• 2
    The dev branch is the 3.x branch. HEAD will always be the latest dev release; each individual dev release will not usually be tagged. As for why the patch doesn't apply, that's specific to the patch you're trying to apply. However, the date or how recent the patch is doesn't matter-- it's only whether the code is changed or not. Almost all patches on drupal.org will specify to which version of a module/core they apply. – Patrick Kenny Aug 15 '12 at 23:56
  • 1
    Draggableviews has a 2.0 release, so I'm not sure where you got beta1. If you follow the instructions here this should give you a working copy: drupal.org/node/283087/git-instructions/7.x-2.x However, it sounds like you are very confused about Git. I would read a Git tutorial or two first; it will definitely pay off in saving you time later. – Patrick Kenny Aug 17 '12 at 2:18
3

The way to pull the repository for the 7.x-3.x branch of the Views module (i.e. the development snapshot 7.x-3.x-dev for the Views module) from Drupal.org for the first time is executing the following command:

git pull git clone --recursive --branch 7.x-3.x http://git.drupal.org/project/views.git

After that, if you need to keep the local repository for the Views module updated, you should execute the following commands:

cd views
git reset --hard
git pull origin 7.x-3.x

To make it clear: A Drupal development snapshot is created from a git branch, while a Drupal release is created from a git tag. The name of the git branch is the name of the Drupal development snapshot without the -dev part. In your case the development snapshot is 7.x-3.x-dev, and the git branch is 7.x-3.x.
Furthermore, the git tag used to create a Drupal release must follow a specific schema. Tags similar to 7.x-3.0 (or 7.x-3.1-beta3) are for the 7.x-3 version of a module, and its development snapshot is named 7.x-3.x-dev. On Drupal.org, you cannot create a Drupal release from a git tag similar to beta-release, or a Drupal snapshot from a git branch similar to test-branch.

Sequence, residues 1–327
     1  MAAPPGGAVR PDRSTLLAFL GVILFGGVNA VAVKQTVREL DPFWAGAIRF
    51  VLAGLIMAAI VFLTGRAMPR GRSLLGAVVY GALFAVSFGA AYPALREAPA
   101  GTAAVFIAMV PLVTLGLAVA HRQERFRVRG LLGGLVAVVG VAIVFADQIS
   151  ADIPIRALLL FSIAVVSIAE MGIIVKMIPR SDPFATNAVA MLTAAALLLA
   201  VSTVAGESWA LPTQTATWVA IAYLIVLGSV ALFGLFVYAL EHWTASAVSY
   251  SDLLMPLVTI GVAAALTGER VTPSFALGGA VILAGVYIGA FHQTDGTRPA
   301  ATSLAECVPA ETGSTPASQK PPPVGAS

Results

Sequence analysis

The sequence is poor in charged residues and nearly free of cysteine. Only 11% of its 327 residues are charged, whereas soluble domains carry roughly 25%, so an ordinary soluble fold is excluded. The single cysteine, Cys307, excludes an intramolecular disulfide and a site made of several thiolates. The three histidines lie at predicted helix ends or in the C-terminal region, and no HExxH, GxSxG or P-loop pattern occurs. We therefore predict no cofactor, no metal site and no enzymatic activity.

2

EDIT: As pointed out, the question was "How do I git pull a dev branch" which has been partially demonstrated in the other answers. Yet, a key second part of any answer must include a translation of the Drupal -dev naming convention. Simply because it does not appear using the commands $git branch or $git tag while -dev clearly is evident in the "Development releases" table on a module's main page. This is my attempt to clarify this with a reasoned, but in no sense authoritative, definition:

There is a sense -dev is equivalent to rough draft in the familiar metaphor of writing. An article describes setting up "your own Git repository viewer" on a local repository (for developers who prefer to not host in the cloud),

"You can choose either the latest stable version or the master version, but keep in mind the master version may have bugs since developers are actively working on it." PHPMaster

Now we have a definitive statement describing a convention for active development on the "master version". And here is the principal issue I've been working on in this post: relating a convention (developer convention, programming best practice, or The Drupal Way) to the operation and use of the git application.